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Nikuman – Japanese Steamed Buns

11/12/2011

So recently, I fulfilled an all-time ambition of mine: to make Japanese steamed buns (nikuman):

I think white flour ones are the best, but you can experiment. I actually made some with white self-raising flour, but then rolled the dough balls in wholegrain flour – it was a nice touch. Obviously, make sure to wash your hands and clean up a surface to work on before you start.

So, really, you want to just mix all of the above up in a nice, large mixing bowl and once the dough has been formed, put it to the side and leave it for fifteen minutes. Leaving the dough for a little while is actually really important because it makes it a lot easier to manage later.

In the meantime, you should prepare the filling:

They are, technically, supposed to be filled with ground pork, but we didn’t have any of that so I just used sausages (which, after trying real pork in them, actually taste better so I would go for that). Burgers are surprisingly tasty in them, too. You should just be creative. I found that chicken and stuffing ones were also good but gammon ones were really nice. I haven’t tried fish, but I imagine that would be an adequate filling, too.

I haven’t actually put any measurements up there, but that’s because I didn’t use any. I just did what I felt was right and what I wanted to eat, so that’s what I recommend for you; it’s entirely up to you what you do with this part.

Be sure that the meat in your filling is already cooked before you add anything to it.

You want to mix all of your ingredients up to form a sort of paste, so I find that a hand-blender is usually the best method of doing this, depending on how solid the meat is to begin with.

If you are sticking with the hand-blender approach, I find that it’s a lot easier to blend in some sort of sturdy jug than a bowl, just because then there’s less of a chance that everything will fly out and make a mess.

Now that your filling is presumably prepared (and it’s been enough time), let’s return to the dough. I find that one batch makes about five buns – I call them dumplings a lot, I suppose they are – so split the dough into five and roll each part into a little ball.

Flour the surface and pat each ball flat so that it makes a sort of pancake; you want them so that they’re approximately half a centimetre thick.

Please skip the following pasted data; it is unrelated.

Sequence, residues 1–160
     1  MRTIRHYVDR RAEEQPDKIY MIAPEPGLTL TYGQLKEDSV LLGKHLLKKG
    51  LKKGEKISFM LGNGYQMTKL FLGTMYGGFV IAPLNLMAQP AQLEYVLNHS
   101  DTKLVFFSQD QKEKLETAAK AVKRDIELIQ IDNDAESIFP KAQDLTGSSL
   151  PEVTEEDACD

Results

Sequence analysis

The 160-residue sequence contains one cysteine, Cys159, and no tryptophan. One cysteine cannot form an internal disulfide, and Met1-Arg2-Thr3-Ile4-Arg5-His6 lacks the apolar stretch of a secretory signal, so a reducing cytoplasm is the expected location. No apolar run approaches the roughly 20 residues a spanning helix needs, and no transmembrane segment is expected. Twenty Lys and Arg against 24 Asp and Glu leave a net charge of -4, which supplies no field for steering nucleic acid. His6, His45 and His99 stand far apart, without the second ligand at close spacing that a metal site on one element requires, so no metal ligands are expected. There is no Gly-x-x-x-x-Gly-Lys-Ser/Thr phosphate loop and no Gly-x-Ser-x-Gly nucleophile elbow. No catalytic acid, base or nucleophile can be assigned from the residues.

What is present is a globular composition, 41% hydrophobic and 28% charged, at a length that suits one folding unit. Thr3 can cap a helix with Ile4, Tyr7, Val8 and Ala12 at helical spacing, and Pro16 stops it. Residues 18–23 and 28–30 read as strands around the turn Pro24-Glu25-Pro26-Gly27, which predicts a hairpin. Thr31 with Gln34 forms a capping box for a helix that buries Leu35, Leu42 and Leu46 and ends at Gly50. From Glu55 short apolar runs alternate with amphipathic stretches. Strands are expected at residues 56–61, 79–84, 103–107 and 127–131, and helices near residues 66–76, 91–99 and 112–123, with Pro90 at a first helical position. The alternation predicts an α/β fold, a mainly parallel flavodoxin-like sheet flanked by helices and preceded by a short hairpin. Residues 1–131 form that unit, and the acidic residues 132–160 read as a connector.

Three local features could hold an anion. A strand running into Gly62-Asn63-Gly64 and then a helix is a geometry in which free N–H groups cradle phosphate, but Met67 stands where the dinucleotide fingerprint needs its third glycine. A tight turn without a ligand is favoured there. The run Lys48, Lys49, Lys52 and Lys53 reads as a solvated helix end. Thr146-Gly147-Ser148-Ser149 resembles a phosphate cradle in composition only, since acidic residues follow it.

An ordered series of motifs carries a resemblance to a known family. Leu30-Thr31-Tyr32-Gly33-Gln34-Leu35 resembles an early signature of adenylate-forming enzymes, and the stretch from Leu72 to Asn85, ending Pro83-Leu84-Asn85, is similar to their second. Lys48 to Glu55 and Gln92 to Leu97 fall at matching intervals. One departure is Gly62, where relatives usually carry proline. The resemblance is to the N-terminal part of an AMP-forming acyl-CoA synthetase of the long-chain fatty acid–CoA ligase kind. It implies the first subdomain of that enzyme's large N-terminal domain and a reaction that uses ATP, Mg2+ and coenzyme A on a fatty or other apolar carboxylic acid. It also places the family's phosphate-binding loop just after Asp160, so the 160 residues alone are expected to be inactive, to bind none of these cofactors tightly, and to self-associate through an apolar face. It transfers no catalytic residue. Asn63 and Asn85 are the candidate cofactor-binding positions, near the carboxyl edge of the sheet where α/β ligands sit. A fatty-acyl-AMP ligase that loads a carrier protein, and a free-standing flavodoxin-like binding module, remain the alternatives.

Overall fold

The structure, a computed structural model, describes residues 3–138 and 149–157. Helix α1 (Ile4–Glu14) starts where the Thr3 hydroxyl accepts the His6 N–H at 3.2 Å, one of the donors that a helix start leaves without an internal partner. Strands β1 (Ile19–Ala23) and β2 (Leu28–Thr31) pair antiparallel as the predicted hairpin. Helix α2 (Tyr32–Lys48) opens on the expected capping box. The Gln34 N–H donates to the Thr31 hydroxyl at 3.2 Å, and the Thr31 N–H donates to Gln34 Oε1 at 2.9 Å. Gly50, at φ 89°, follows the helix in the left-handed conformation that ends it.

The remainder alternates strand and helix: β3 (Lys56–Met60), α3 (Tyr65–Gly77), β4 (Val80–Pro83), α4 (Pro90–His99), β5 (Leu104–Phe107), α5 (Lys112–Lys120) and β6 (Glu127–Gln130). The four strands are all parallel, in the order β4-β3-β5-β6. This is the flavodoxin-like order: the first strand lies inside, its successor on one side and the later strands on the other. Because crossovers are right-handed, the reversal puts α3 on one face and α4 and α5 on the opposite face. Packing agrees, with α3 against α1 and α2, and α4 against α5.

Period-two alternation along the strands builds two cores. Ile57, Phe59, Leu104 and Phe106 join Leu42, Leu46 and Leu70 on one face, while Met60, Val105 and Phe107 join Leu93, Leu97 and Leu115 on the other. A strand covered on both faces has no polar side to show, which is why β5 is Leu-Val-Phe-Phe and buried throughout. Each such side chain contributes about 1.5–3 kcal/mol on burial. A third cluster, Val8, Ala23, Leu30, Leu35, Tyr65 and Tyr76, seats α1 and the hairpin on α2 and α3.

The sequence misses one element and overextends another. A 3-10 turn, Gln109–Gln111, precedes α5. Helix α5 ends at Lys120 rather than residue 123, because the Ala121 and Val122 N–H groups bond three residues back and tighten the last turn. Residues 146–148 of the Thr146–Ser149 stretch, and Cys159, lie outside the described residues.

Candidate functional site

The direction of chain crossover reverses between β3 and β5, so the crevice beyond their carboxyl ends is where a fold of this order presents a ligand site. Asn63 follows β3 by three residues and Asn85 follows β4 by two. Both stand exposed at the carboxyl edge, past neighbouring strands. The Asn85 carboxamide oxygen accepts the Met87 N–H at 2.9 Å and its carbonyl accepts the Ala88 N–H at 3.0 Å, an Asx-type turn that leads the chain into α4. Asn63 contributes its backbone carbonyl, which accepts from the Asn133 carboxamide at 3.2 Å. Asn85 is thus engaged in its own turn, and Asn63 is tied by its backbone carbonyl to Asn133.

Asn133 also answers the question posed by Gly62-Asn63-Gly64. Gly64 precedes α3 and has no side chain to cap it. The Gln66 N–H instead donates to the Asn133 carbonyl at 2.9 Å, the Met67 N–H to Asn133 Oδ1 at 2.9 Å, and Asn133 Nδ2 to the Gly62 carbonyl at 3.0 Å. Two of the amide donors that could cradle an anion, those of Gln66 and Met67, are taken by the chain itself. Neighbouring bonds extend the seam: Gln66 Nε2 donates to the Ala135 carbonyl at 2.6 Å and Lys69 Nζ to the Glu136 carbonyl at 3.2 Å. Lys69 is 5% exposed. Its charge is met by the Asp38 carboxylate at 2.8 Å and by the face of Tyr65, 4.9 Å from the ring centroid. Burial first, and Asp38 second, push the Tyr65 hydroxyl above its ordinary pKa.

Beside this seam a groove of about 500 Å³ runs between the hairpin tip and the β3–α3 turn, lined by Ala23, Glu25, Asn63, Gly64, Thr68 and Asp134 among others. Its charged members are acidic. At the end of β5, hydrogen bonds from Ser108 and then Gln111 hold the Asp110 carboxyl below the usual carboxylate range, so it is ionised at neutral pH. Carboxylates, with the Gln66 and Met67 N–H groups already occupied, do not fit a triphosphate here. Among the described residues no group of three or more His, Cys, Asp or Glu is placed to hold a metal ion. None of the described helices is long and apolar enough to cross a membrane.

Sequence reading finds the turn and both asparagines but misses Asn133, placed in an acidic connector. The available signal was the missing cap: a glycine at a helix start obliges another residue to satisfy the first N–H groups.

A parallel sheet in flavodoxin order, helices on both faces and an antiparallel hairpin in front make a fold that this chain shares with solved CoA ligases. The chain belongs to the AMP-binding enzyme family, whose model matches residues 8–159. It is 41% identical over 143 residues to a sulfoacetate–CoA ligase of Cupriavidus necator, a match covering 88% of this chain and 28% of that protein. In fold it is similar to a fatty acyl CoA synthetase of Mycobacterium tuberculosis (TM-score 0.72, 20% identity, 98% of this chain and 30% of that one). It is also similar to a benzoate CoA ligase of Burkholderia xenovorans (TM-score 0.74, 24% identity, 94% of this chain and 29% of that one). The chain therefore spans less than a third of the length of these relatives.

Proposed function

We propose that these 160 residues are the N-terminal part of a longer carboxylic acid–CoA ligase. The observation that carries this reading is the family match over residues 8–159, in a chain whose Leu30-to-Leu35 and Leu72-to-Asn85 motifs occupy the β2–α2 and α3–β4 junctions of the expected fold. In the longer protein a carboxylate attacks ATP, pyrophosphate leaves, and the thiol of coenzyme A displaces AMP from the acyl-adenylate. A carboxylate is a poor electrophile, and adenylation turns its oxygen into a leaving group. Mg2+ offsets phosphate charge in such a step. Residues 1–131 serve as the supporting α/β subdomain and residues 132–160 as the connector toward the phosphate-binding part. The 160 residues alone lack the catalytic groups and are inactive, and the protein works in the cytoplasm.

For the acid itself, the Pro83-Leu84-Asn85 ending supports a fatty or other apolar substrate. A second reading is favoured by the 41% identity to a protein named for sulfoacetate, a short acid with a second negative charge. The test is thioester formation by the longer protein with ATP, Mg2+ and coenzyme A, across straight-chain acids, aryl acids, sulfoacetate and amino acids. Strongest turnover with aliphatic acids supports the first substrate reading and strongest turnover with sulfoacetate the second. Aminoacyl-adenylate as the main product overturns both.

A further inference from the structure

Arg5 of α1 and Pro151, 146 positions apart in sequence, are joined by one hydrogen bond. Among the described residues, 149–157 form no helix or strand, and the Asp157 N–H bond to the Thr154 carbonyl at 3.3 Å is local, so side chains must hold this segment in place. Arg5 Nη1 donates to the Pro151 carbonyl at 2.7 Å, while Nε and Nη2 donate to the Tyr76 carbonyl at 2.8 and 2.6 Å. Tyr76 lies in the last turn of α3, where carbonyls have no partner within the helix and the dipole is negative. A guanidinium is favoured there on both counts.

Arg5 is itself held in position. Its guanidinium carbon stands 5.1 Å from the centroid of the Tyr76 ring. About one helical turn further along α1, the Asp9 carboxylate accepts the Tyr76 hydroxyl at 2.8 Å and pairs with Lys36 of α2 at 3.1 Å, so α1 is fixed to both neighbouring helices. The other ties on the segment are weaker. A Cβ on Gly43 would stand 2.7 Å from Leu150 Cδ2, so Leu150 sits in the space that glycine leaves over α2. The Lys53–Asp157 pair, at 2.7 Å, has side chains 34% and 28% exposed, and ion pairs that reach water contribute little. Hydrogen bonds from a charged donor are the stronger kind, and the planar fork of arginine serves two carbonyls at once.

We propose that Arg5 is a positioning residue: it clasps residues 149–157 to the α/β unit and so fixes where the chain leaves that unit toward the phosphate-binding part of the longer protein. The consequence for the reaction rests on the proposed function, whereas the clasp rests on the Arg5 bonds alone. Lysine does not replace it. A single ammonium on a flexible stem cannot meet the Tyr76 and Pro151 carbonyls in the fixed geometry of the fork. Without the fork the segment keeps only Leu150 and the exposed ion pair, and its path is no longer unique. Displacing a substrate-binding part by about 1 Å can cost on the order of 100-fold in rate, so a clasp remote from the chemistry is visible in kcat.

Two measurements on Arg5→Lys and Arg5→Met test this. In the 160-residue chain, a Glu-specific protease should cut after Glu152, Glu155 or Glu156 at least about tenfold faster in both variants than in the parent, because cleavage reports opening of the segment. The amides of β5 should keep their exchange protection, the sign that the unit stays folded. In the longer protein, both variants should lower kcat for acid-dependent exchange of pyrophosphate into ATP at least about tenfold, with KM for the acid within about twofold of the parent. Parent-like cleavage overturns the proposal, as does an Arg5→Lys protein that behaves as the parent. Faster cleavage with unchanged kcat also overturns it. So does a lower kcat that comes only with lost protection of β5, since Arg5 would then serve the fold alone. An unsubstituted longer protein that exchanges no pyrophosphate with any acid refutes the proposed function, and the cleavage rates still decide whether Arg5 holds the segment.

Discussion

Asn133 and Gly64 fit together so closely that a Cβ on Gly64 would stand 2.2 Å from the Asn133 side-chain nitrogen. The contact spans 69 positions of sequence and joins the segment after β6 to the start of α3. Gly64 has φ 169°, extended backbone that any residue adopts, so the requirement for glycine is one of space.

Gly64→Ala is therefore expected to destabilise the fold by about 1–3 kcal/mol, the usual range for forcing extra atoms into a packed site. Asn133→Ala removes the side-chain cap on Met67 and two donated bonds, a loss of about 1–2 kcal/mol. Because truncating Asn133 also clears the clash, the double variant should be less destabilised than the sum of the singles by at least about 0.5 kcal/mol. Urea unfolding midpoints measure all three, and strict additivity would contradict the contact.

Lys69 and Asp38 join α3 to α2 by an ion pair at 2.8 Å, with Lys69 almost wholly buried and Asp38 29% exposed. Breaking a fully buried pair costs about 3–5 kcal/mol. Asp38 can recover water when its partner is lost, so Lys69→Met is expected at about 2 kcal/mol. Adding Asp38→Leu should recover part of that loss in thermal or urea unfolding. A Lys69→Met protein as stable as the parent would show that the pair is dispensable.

Then take a scoop of filling and place it in the centre of the dumpling pancake. Don’t put too much in or they’ll split as they rise (sometimes mine do that anyway though, I don’t really know why).

This is where it may get tricky:

You have to sort of bundle the dough up so that the filling is cosily wrapped inside. I find that the best way to do this is to fold the top and bottom of the dough surrounding the filling into the middle so that it looks like a sort of taco. Then bring the sides in and kind of fumble with it a little so that it all sticks together. You’ll get the hang of it.

After it’s all bundled, roll it around in your hands a little to ensure that it’s still round and soft.

Obviously, repeat the process for the other four nikuman.

As the name suggests, they are supposed to be steamed but if you don’t have a steamer, do what I did and make one:

I took a pan with a couple of inches of water in it (make sure that there isn’t too much or when it boils, it might reach the buns, potentially ruining them) and put a colander on the top of it (I was actually lucky enough to have a sort of flat colander in the house, but I presume a semi-spherical one would work just fine, too). On top of that, I put a tea-towel – it’s very important to use material for the top cover as a glass or metal pan lid will just deflect the water and make the buns all soggy whereas a tea-towel will absorb all the water vapour.

When you actually put the dumplings in, put them wrap-side-down so that the top looks smooth. You might want to put some sort of anti-stick substance on the colander/steamer as in my experience, they have a tendency to stick.

Depending on the size of the colander/steamer, I wouldn’t put more than two (three at a push) nikuman in at a time as you can expect them to double in size.

Steam them for fifteen minutes on the highest setting possible. After each steam, make sure to check on the water levels in the pan; I ruined one of our pans when all the water evaporated and I hadn’t noticed. It burnt all the inside of it and was pretty scary when I poured more water in it as it spat everywhere and was very disconcerting. I would try to avoid this, if at all possible.

That’s basically it, or at least, all I can think of that’s important. Give these a go, they’re easy to make and taste good, not to mention the fact that they don’t make much mess and don’t take that long.

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From → Recipes

4 Comments
  1. I’m going to try this – they sound delicious.

  2. OK, I’m back to reading old posts. First off, you are amazing for trying to make these yummy buns, let alone illustrate the process. Second off, You’re persona is just so enjoyable for me to read, it’s like an antidote or something, to what I am not sure.

    You won’t believe it, but we just started buying nikuman frozen at the local Asian market, but I’m sure they don’t taste any where near as good as the homemade ones. I burned my nice pot this week too arrrrrgggggg.

    • Oh, wow! I don’t think you can buy them here. There’s actually this huge superstore in central Manchester called ‘Wing Yip’ that I’ve only been in once, I think they probably do sell them there, thinking about it. I burned a pan, too, while making them. More than once, I’m ashamed to say. All the water evaporated and that was what occurred as a consequence. It came off after a few washes so it’s all good :>. I’m so glad you enjoy my posts, really! They’re hardly an antidote though, ahaha :>.

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